It’s been a few months since I moved to Tokyo. My initial ideas regarding my PhD have matured a little bit, although of course things are still in flux. Meanwhile, this blog has been a little dormant. Perhaps I can bring it back to life with some academia related sorting of thoughts!
I got into GRIPS, short for National Graduate Institute of Policy Studies, with a fairly convoluted proposal. That fact, i.e. the proposal’s convolution, probably had something to do with me having been out of academia for almost a decade. My basic ideas revolved around the city and the economy, or more specifically, ‘How can specific factors of the urban form explain economic outcomes?’
Tokyo came to mind as a great case study. The Japanese economic miracle, i.e. the country’s post-war rapid growth, has been studied in great detail from all possible angles. Japanese cities, above all Tokyo, are of great interest to urban studies experts around the world. A combination of the two, i.e. discussing Tokyo (or by extension, the Japanese city) as the incubator of the Japanese miracle, has to date gotten fairly short shrift.
I had a few possible research avenues in mind. They had in common the question whether space can be associated with institutional and economic concepts, and vice versa. The more abstract ones were: Does Japan’s post-war state autonomy relate to the relative isolation of the government district? And: The developmental state was arguably in its strongest configuration when the state’s reach into the urban form via planning etc. was still very weak. Why?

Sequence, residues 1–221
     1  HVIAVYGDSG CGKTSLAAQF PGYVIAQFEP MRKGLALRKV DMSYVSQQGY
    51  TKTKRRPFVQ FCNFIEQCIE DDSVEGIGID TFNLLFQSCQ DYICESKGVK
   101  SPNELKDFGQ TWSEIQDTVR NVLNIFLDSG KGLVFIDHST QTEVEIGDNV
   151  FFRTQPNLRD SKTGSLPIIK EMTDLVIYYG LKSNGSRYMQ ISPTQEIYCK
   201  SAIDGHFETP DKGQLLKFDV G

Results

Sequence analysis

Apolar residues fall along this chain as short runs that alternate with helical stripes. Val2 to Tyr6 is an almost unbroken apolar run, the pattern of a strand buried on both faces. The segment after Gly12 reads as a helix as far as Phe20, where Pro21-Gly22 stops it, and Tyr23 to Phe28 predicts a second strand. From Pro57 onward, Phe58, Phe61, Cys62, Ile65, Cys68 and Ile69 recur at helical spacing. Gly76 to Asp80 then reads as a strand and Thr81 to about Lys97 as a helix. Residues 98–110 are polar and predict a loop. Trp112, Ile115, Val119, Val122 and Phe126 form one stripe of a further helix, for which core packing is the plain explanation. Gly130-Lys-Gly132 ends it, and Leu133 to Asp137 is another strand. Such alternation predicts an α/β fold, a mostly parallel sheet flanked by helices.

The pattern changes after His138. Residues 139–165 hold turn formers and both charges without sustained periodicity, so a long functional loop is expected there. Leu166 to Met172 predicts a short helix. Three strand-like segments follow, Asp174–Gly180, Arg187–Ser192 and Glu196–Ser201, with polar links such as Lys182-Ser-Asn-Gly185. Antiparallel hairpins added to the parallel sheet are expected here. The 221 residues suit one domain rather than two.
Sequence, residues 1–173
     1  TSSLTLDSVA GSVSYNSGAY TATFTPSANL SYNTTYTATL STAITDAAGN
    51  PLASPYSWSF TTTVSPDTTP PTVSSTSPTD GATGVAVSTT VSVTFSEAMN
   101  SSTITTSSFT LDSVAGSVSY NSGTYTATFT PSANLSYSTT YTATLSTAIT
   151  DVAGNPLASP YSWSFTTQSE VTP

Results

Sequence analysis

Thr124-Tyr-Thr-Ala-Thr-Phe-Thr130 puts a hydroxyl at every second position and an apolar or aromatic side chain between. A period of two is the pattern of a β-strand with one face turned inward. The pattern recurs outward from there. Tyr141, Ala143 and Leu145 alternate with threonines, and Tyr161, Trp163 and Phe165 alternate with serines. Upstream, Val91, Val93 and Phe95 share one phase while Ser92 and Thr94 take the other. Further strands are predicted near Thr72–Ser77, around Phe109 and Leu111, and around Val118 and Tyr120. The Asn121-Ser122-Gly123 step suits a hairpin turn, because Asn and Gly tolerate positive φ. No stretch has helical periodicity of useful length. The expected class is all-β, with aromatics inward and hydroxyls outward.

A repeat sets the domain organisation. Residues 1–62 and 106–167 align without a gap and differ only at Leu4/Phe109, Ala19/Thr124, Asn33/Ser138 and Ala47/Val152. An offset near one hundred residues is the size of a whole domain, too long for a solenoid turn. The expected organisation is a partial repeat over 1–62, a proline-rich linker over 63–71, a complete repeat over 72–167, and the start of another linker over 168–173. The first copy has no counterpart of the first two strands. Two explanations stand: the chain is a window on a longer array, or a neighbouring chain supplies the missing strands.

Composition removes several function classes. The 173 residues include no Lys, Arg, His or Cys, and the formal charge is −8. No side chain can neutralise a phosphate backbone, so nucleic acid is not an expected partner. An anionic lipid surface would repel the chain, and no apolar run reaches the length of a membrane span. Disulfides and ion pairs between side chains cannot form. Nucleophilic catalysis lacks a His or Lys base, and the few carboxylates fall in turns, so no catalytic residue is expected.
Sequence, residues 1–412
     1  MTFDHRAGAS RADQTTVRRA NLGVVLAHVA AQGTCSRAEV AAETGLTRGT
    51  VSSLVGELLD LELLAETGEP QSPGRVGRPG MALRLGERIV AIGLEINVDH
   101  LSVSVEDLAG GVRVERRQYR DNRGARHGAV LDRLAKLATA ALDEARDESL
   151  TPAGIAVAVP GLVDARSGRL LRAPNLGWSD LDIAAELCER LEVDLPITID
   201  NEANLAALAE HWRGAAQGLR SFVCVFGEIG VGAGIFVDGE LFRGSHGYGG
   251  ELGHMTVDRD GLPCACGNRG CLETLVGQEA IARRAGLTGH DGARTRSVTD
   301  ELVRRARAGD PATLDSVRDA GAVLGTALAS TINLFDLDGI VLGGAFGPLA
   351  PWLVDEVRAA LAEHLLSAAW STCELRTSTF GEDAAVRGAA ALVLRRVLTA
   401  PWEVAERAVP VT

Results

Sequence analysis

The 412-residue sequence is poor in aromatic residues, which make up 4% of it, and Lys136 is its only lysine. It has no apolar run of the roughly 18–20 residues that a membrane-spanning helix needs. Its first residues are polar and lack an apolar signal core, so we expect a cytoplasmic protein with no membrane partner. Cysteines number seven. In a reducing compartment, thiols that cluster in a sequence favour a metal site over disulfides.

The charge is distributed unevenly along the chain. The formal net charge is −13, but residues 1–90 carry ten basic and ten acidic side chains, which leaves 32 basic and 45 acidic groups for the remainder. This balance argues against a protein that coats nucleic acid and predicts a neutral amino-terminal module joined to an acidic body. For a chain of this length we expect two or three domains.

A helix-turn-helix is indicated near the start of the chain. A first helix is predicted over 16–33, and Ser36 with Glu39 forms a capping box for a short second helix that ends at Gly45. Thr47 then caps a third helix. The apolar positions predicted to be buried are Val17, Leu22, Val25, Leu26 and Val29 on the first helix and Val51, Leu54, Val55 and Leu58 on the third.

The more straightforward ones were: Does Japan’s urban form have something to do with the nation’s historically equal income distribution? And: Can small urban workshops be regarded as a constituent element of “Japan Inc.” and in how far did the Japanese city sustain these small workshops and their integration into supply chains of larger industries?
Subtly underlying the above themes is the question why Tokyo has been such an adaptive/adaptable city throughout Japan’s post-war economic history. What are the historical roots of this?
Of course, it is much easier to write a proposal than to actually start writing on the PhD itself. Thanks to an extensive term paper I had to write for my economic history class, I honed in on the urban workshop theme a lot more and think that it may be the most lucrative research angle I can pursue.
Tokyo’s small workshops (I define them as having less than ten employees) are more important than those in other countries to this day. This has historical roots: labour-intensive industrialisation in Japan was also an urban phenomenon. Many industries integrated small family-owned workshops into their supply chains, drawing on skilled and flexible labour for certain production processes.
My idea is to historicise the small urban workshop with a focus on the post-war period, but as opposed to agglomeration economics look for clues as to continued existence and success of these workshops in the urban studies and political economy fields. I am not sure how such a hybrid study will go down methodologically, but then again it’s early days!
From Tokyo, I would like to move on to other cities. One idea was to look at either Seoul or Taipei as another East Asian example; and from there branch out to a contemporary developing city, possibly in India. Labour-intensive industrialisation remains a pathway to economic development in poor countries, while urbanisation and associated problems are a key issue in today’s development debate.